Ticking a long chased bird: Little Bunting in Bedfordshire

In 2002 when I was on a Scandinavian birding trip, I thought the Little Bunting wouldn’t be too difficult to add to my life list. The only morning when I got exhausted and some fever the team located a bird around Kuusamo, Finland. I failed to find one later on the very same spot. I also missed several opportunities to see trapped birds in the last couple of years.

A couple of weeks ago a Little Bunting was reported from the neighbor county, Bedfordshire. I simply wasn’t able to find a clean weekend to get there, but this time everything was perfect for a good birding trip. I took a train to Bedford and a cab to Willington. Unfortunately, the location info in the BirdGuide app wasn’t correct and I just realised it later that the grid reference points to the other side of the river. First challenge was to find a bridge near Great Barford.

After a bit of trek I manged to find the footbridge and a single birder at the spot. He couldn’t see the bird during his one and a half hours stay. This wasn’t something I wanted to hear. Luckyly, I didn’t have to wait another 1.5 hours to see the bird. 10 minutes later Common Chaffinches and Common Reed Buntings started to feed on the seeds followed by an indeed little, neat-looking Little Bunting. I asked the birder if he had seen it but he wasn’t sure. As female Common Reed Buntings were also feeding closer to the bushes making it was easy to see the differences in the plumage traits of the two species. What a bird it was.

The characteristic head pattern and bill shape made this bird easy to pick. © Gyorgy Szimuly This photo was by a Sony Cyber-shot HX400V camera.

The Little Bunting fed on seeds and wasn’t mix with the aggressive Common Reed Buntins. © Gyorgy Szimuly This photo was taken by a Sony Cyber-shot HX400V camera.

I have to say, this is a loveable little taiga visitor and it was well worth the very early wake up and 10 miles walk. Just after the birder left the sun came out and I could enjoy the perfect views of this rarity.

The colours and patterns of the Little Bunting perfectly blends with the habitat it was feeding on. © Gyorgy Szimuly This photo was by a Sony Cyber-shot HX400V camera.

The Little Bunting became the 2,186th bird species on my life list. © Gyorgy Szimuly This photo was by a Sony Cyber-shot HX400V camera.

It wasn’t easy to locate this bird once in the bush. © Gyorgy Szimuly This photo was by a Sony Cyber-shot HX400V camera.

This is the small bush area where the Little Bunting and other birds fed on the seeds. © Gyorgy Szimuly This photo was by a Sony Cyber-shot HX400V camera.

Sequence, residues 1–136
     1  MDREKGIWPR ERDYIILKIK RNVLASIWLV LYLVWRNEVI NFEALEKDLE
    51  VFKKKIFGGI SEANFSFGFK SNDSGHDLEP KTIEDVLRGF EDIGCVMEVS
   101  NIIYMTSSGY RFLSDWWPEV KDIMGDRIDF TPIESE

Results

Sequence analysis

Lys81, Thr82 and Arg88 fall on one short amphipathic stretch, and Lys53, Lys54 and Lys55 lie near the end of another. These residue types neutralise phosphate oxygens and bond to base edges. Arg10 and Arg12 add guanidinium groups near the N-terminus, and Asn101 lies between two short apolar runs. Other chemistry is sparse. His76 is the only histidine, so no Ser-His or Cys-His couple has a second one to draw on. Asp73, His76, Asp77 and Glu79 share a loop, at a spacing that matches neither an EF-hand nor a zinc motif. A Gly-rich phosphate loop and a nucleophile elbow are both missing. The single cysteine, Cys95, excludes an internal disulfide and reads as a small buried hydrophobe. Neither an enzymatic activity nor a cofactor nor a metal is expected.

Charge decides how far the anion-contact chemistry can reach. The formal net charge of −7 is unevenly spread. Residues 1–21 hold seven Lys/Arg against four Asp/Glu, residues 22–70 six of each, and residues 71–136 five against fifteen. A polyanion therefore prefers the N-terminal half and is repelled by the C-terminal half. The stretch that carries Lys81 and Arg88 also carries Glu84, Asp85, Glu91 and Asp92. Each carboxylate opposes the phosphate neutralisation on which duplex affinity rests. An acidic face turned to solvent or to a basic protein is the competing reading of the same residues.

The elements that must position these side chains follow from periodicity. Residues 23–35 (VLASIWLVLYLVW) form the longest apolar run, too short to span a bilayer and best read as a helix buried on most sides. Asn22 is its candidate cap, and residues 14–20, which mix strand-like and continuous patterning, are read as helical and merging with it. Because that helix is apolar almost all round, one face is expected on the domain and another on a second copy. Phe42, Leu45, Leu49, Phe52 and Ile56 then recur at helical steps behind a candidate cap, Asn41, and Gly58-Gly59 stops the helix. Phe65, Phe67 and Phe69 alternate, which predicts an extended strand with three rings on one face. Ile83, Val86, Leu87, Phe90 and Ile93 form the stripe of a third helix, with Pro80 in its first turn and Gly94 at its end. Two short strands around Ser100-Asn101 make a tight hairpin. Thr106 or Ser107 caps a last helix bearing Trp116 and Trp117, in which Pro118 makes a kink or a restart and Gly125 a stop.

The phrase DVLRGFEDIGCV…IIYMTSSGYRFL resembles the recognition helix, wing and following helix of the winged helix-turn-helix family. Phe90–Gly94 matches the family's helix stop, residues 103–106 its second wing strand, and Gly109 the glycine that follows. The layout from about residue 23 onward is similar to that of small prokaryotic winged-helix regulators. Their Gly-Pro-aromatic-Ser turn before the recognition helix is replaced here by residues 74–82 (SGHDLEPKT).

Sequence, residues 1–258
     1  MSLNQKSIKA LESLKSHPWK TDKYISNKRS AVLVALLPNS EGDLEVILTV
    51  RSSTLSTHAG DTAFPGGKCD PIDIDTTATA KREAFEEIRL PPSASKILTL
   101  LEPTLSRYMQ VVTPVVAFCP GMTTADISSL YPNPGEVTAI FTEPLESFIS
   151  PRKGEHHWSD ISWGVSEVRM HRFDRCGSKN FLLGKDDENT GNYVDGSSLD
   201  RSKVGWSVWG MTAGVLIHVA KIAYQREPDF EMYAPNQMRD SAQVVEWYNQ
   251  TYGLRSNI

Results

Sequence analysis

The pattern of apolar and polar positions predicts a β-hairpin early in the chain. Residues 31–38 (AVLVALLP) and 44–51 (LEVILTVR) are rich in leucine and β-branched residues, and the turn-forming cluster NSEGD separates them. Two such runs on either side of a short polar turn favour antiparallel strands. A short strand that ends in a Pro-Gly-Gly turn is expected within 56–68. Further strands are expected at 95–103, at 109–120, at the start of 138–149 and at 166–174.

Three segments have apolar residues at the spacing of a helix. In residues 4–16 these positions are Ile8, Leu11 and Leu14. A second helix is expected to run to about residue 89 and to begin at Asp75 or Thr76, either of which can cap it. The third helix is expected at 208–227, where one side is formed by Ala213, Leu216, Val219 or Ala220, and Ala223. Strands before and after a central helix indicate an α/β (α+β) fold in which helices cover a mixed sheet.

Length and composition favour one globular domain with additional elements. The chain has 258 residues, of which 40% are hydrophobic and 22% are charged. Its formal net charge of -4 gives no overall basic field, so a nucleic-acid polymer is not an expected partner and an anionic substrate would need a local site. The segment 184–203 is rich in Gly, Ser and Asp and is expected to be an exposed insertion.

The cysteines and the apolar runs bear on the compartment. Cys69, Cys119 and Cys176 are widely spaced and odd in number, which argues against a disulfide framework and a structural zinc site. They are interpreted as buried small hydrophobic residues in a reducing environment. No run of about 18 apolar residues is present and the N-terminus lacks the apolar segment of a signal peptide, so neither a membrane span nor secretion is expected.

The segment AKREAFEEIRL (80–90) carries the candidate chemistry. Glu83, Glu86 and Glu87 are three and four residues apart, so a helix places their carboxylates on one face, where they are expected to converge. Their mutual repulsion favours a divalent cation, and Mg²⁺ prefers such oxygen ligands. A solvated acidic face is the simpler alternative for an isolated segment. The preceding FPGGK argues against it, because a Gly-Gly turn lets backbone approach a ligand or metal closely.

Here is the list of birds I added to eBird at the spot:

Red-legged Partridge (Alectoris rufa) 2
Ring-necked Pheasant (Phasianus colchicus) 2
Great Cormorant (Phalacrocorax carbo) 1
Eurasian Moorhen (Gallinula chloropus) 1
Common Wood-Pigeon (Columba palumbus) 2
Great Spotted Woodpecker (Dendrocopos major) 1
Eurasian Green Woodpecker (Eurasian) (Picus viridis viridis/karelini) 1
Eurasian Jay (Garrulus glandarius) 1
Carrion Crow (Corvus corone) 8
Eurasian Skylark (European) (Alauda arvensis) 4
Eurasian Blue Tit (Cyanistes caeruleus) 4
Great Tit (Parus major) 3
Long-tailed Tit (Aegithalos caudatus europaeus) 2
Eurasian Wren (British) (Troglodytes troglodytes indigenus) 2
Goldcrest (Regulus regulus) 1
Common Chiffchaff (Phylloscopus collybita collybita) 4
European Robin (Erithacus rubecula) 2
Dunnock (Prunella modularis) 4
White Wagtail (British) (Motacilla alba yarrellii) 2
Little Bunting (Emberiza pusilla) 1
Reed Bunting (Emberiza schoeniclus) 7
Common Chaffinch (Fringilla coelebs) 9

Planning birding trips with the help of birders around the world

When I launched my self-publishing project on the world’s shorebirds I knew travelling w would be the hardest part to fund and sometimes organise. Then a lot of my Facebook connections, and good friends, offered help in case I am planning to cross their local pathces. Indeed some of them are living in the vicinity of top birding hot spots and the local knowledge always bring some excellent and elusive birds what, otherwise, might easily be missed.

The idea is now to map those kind and helpful birders who I can count on during trip planning as well as in the field. Signing up on the map is voluntary and it doesn’t mean any commitment. I also put myself on the map first. I’m more than happy to help traveling birders either here or in Hungary.

Anyone feels happy to support me this way, please share the location of the hometown and make a marker on this open map. Don’t share your exact address just the town of your residence. Please make sure you add your name so I can see who is linked to the map marker.

Me watching Dunlins and Ringed Plovers around Chesil Beach of Weymouth in Dorset.

Me watching Dunlins and Ringed Plovers around Chesil Beach of Weymouth in Dorset.

One of my targets to see the stunning American Avocet. This photo was taken by Ilya Povalyaev and was legally embedded from the photographer's Flickr account. All rights reserved by Ilya Povalyaev.

One of my targets to see the stunning American Avocet. This photo was taken by Ilya Povalyaev and was legally embedded from the photographer’s Flickr account. All rights reserved by Ilya Povalyaev.

Here is the map and the direct link to it.